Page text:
I’m sure some of you now think I’m the worst mother in the world, but hear me out.  We’ve done the fresh fruits and veggies and prefer to go that route when possible, but we’ve also wasted a lot of food in the process.  For mornings when we need to get out the door to swim class, Little Miss will eat a cup of diced mango with her toast or scrambled eggs.  I always get the fruit in water with no sugar added, as that’s my personal preference.  She likes mango, peaches, pears and mandarin oranges and I love that the fruit is already cut into pieces that she can handle.

We also like the Steamfresh frozen veggies for lunches and dinners.  She will get whatever veggies we are having with our meal, but sometimes we need something quick for her and these are perfect.  They’re already cut into bite-sized pieces that are easy for little fingers to grab.

The Art of Feeding Toddlers | Tips and

Feeding Products We Love

I’ve found that feeding toddlers is an art of trial and error.  We’ve gone through countless sippy cups, utensils and bowls and plates and through our searches we’ve found a few that we love.  Maybe you’ve had better luck with other products, but these are what work for us.

Sippy Cups






We love the Summer Infant Sippy Stackers!  Little Miss learned to drink from a straw at about a year old.  Before that, we struggled with different kinds of sippy cups: hard spout cups, soft soup cups, spoutless cups…you get the picture.  Then we found the Summer Infant Sippy Stackers Training Cup and surprisingly, Little Miss transitioned from a bottle to the training cup very smoothly.  Now we use the training cups for her milk in the morning and evening and we’ve moved to the Sippy Stackers Straw Cup (10 ounce) for her water during the day.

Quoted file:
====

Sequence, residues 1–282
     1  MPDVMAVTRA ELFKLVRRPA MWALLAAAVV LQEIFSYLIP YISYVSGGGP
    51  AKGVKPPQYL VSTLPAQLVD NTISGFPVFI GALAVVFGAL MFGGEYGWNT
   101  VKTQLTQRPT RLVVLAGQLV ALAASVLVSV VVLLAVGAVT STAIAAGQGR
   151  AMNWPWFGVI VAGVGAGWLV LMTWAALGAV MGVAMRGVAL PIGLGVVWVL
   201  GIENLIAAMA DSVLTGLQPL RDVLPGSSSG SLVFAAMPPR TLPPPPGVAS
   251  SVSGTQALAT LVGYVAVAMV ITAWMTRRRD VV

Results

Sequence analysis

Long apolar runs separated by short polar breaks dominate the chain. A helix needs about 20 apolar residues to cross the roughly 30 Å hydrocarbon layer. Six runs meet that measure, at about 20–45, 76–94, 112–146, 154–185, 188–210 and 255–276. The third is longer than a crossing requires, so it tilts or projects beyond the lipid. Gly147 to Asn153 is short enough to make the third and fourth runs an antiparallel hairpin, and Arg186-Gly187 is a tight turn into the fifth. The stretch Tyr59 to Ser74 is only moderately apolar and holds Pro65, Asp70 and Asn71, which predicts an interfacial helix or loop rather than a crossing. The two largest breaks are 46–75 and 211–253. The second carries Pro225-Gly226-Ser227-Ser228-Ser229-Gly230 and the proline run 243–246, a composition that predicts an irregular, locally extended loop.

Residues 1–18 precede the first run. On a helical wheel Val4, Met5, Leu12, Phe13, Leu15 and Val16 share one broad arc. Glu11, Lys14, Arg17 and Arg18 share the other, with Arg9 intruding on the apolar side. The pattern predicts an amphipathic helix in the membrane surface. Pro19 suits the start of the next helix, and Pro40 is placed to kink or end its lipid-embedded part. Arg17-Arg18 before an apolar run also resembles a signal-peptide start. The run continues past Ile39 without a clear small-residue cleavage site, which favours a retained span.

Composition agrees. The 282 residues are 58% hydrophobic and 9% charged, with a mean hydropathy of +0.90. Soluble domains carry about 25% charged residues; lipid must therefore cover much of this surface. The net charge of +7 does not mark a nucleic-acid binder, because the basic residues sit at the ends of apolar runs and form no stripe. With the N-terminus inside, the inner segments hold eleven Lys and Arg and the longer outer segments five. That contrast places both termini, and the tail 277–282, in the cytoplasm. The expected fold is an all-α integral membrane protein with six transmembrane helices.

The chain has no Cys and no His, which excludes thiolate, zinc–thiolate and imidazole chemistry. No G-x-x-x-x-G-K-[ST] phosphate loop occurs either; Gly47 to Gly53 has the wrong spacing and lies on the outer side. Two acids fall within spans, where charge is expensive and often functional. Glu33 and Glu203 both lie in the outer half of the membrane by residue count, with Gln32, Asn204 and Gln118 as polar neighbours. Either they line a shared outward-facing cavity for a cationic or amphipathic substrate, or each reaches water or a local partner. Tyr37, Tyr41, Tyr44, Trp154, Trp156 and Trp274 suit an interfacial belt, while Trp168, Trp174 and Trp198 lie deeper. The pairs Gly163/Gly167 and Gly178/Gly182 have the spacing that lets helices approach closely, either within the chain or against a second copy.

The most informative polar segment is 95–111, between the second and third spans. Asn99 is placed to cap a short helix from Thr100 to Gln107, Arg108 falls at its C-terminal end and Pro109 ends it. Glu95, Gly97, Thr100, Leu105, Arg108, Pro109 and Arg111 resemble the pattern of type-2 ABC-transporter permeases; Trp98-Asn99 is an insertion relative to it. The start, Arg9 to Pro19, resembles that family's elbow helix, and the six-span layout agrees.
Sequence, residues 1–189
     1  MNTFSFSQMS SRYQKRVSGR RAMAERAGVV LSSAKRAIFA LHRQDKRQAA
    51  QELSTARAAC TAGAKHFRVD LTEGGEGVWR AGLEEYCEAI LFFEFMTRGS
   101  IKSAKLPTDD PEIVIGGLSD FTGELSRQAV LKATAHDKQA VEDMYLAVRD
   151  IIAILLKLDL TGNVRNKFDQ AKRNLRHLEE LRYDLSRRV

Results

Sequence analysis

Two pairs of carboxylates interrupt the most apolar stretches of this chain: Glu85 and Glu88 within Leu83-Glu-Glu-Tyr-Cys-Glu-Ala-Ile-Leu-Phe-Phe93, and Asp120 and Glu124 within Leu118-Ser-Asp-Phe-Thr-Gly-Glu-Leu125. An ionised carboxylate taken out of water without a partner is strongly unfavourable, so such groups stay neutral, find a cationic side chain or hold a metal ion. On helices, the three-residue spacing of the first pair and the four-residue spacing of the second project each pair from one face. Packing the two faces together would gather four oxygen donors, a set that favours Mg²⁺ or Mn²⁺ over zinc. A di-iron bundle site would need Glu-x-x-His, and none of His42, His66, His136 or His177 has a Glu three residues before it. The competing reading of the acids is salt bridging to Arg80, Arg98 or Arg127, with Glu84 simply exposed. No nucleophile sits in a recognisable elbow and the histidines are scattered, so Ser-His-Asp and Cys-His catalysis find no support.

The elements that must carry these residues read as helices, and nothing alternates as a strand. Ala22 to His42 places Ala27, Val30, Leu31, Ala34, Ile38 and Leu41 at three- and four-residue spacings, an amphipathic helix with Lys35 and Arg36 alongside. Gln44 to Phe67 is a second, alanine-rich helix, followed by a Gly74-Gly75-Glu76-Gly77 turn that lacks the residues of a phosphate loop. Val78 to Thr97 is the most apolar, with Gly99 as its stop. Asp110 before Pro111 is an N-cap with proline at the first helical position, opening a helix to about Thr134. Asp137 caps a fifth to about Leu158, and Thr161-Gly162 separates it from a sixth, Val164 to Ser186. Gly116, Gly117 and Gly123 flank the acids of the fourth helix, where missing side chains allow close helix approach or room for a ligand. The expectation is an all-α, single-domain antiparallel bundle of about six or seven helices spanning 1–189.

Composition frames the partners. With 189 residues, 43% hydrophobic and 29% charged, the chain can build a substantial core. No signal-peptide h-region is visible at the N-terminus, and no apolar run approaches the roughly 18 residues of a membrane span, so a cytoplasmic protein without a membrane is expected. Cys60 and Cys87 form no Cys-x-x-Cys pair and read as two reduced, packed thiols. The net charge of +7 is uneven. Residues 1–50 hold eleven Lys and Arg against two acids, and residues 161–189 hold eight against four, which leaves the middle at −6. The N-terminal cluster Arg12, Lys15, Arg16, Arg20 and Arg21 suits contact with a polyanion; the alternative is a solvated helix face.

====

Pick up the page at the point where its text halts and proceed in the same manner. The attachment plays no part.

I love that the lids on these are interchangeable and when they’re not being used, the cups stack easily in the cabinet.  The straws are flexible and easy for her to drink from.  We really haven’t had any issues with them leaking unless they get left on the floor upside-down or Little Miss launches one from her high chair and it hits the hard floor.


We realized pretty quickly that when Little Miss started feeing herself, the cute little baby spoons with the metal handle weren’t going to work out for her and she needed something more substantial to hold onto.  That’s when we got this Nuby spoon and fork set and they’ve been wonderful!  I like the design that is easy for her to grip.  They are dishwasher safe, which is a plus too!

Bowls and Plates







I quickly learned that bowls and plates that suction to her high chair tray are the way to go.  It’s too tempting for a little one to throw their plate to the floor when they can pick it up!  We use The First Years Inside Scoop Suction Sectioned Plate and The First Years Inside Scoop Suction Bowl.  The suction on these has been fantastic and the inside scoop makes it easy for Little Miss to get the food onto her fork or spoon.

A word of warning: these are NOT dishwasher safe.  I learned that the hard way and ruined the suction on one of our plates.  But hand washing isn’t a big deal at all because I like the products so much.

If you’ve made it to the end of this incredibly long post, well done!  I hope the information here has been helpful for you and you can learn from (or at least sympathize with) my mistakes in the world of toddler feeding.  Do you have any tips or products you would have added?  Let me know in the comments!

5 Lessons Learned While Feeding My Toddler (Plus Our Favorite Hacks and Products)

The Art of Feeding Toddlers